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    Volume 10 |Issue 26 | July 08, 2011 |


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Star Diary

Whom Can
We Trust?

It was a Friday noon. While I was getting out of a mosque after saying the Jummah prayer, a middle aged man came to me begging money for his child who, he said, was suffering from an incurable disease requiring a huge sum of money; plus, he had been starving since last night. Taking pity on him, I helped that man with some money. That afternoon, I went to the rail station with a senior photographer friend of mine for taking random snapshots. At one point, when we were standing on a foot over-bridge with our cameras, we saw some drug addicts lying under the bridge. Suddenly I heard someone ask my friend to take a photograph of them. I looked at them and to my surprise I found that one of them was the person I gave alms that noon! He wasn't completely sober and couldn't even walk properly. We left that place in no time. We help these people, believing that they are destitute. But in real life, they just act to collect money for buying drugs. So, whom can we trust?

Sazzid Ahmed

A Rose for Dhaka

A few days ago, I had the chance to visit Cox's Bazar which is in the preliminary list of the Seven Natural Wonders of the World. From the moment I arrived there, I was fascinated by its indescribable natural beauty. But just after passing a few days, I became desperate to see my bustling city Dhaka, which is full of problems, yet appeared at that time to be an essential part of my identity. It was totally a new experience for me. In fact, it seemed that through this journey I not only explored one of the most beautiful places of the country, but also discovered myself in a new light. This is how I came to know that under the surface of endless disgust I have always nurtured a deep-seated love for my dirty, rubbish-strewn city. As I came back, I also realised that Dhaka can be rid of all dirt and filth if the DCC authorities in association with other government bodies take proper actions. The traffic problems can also be solved but for that to happen the government needs to be far more interested in people's welfare than the politics of vendetta.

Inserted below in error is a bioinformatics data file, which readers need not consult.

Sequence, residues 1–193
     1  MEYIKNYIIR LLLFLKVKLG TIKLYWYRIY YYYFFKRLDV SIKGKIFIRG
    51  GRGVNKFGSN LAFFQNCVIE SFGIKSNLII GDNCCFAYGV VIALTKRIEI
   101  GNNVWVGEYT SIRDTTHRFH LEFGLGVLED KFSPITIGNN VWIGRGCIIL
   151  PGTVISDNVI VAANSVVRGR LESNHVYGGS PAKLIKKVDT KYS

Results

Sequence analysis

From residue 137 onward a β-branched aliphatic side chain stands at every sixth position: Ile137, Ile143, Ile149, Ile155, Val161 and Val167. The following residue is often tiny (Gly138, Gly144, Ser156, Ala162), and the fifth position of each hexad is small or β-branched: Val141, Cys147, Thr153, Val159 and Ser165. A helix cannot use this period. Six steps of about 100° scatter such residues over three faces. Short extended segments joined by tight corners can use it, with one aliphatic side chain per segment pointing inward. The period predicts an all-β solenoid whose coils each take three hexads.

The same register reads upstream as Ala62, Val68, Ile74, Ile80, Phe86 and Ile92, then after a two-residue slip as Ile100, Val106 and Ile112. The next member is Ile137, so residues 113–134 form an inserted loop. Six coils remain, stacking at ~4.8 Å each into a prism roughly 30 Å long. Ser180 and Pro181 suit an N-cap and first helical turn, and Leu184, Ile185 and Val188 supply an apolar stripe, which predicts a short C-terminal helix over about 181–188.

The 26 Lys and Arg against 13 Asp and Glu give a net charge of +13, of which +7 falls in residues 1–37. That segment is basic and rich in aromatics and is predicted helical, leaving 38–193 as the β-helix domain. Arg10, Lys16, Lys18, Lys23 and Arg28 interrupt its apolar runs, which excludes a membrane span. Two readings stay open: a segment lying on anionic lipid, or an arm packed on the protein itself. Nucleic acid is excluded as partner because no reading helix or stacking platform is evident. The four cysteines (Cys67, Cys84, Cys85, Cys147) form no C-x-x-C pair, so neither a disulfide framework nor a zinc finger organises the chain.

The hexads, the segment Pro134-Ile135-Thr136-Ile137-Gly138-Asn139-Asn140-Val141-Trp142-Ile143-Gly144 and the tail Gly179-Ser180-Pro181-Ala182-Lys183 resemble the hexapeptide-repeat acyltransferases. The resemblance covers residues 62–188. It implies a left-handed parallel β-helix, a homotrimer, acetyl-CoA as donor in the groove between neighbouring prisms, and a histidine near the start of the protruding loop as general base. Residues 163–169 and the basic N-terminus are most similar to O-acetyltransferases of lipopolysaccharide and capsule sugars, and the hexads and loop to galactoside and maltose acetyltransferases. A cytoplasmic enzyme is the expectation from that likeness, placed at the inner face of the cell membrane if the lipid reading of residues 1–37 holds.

Ejaj-Ur-Rahman Shajal
Daffodil International University

Death Traps

Last Thursday I was returning to my house after appearing at my A level exam in Basundhara City. I was on a bike with one of my friends. As usual there was a tailback compounded with sound pollution and people walking all over the road and sidewalks. After a while when we were moving towards the middle of the road, we noticed abruptly that the front wheel of the bike was sliding slowly off the road into a hole or something. It was evening and quite dark too. In fact, it was quite a deep as well as wide ditch filled totally with rain water in a way that none could predict. It was because of my friend's skill at controlling his bike that he could instantly stop it right at that moment. Later, my heart came to my mouth when I was pondering over the whole thing. It could have resulted in a dire accident taking heavy toll on us. Although private cars, buses and CNG-run three wheelers may have less problem for this, but for bike riders this type of holes are like death traps. So I thanked the almighty for saving us thus.

Owing to the fact that there is a huge number of bikers in Dhaka, the authority must think about the matter seriously if they really care about the safety of the commuters.

Ashtaful Islam
A Levels, Glare institute, Dhaka

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